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Rapprochement Between Nusra, Moderate Factions Raises Fears of ‘Hardliners’ Categorization

Rapprochement Between Nusra, Moderate Factions Raises Fears of ‘Hardliners’ Categorization

Saturday, 16 December, 2017 - 10:30
A woman walks past debris along a street in Aleppo's Belleramoun Industrial Zone, Syria February 2, 2017. Reuters

Syrian opposition factions that are classified as "moderate" fear the efforts of rapprochement with Hay'at Tahrir al-Sham, in which “Nusra Front” represents its backbone in north Syria, according to a senior opposition source.

They believe that the move makes all factions look like al-Qaeda and paves the way for Russia to attack them under the pretext of fighting terrorism, the senior added.

Some of the moderate opposition groups are moving in a step towards rapprochement with Hay'at Tahrir al-Sham in light of battles between the two sides against the forces of the Syrian regime and its allies on the one hand and ISIS on the other hand in the countryside of southern Aleppo, eastern Idlib and northeast Hama.

This rapprochement among the parties has reached the point of field engagement in joint operations to repel the attacks that have raged for nearly two months now.

A leading source in one of the moderate factions in the north told Asharq Al-Awsat that the move to unite now "represents a very sensitive turn at the level of alliances," pointing out that a similar process "would present these factions as part of al-Qaeda, giving Russia an excuse to bomb Idlib and areas controlled by opposition forces in the vicinity.”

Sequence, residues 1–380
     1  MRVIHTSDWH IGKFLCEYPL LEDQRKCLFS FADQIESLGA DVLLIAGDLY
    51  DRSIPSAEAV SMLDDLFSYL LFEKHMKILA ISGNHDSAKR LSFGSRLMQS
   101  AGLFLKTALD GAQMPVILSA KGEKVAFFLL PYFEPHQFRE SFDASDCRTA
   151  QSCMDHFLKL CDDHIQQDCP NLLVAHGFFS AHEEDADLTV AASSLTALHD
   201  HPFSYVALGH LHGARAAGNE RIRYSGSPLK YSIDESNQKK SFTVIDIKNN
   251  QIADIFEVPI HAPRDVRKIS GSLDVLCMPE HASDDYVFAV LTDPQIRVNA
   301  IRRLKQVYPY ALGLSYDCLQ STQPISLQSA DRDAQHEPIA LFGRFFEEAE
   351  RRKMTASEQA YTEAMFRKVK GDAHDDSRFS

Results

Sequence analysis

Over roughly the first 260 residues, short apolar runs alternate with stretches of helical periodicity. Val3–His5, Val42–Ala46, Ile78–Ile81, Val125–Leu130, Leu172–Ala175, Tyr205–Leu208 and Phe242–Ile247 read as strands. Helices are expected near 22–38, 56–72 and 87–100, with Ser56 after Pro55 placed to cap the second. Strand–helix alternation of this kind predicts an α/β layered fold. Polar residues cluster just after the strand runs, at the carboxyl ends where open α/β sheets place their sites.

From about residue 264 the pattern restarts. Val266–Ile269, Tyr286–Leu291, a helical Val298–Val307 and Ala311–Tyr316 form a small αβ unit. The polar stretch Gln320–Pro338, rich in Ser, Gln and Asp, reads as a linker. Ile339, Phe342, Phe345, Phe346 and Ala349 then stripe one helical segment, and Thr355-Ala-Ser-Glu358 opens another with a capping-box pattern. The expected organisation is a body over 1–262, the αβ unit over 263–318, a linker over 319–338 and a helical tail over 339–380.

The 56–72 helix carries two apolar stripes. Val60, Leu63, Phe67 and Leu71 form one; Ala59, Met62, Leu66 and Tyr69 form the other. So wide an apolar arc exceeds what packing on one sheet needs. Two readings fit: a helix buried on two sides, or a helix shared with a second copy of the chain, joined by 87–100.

The steps to unite have "begun two months ago, with the beginning of the regime operations in the countryside of Hama, where it is trying to expand towards the countryside of Idlib,” the source said.

He explained that forces of Nusra Front were able to survive because they are local fighters in that area, but when the battles and the progress of the regime expanded, Nusra Front asked for support.

At the beginning, opposition factions did not respond until two factions, Jaysh al-Izza and the Free Army of Idlib, responded at a later stage, and were able to repel the attacks in the village of Rasm al-Hamam, the source added.

He said that these developments on ground proved that Hay'at Tahrir al-Sham can not fight the battles alone and without support, forcing its leader Abu Muhammad al-Julani to communicate with the leaders of the factions, and he released leaders of the moderate factions who were arrested in an attempt to get closer to them.

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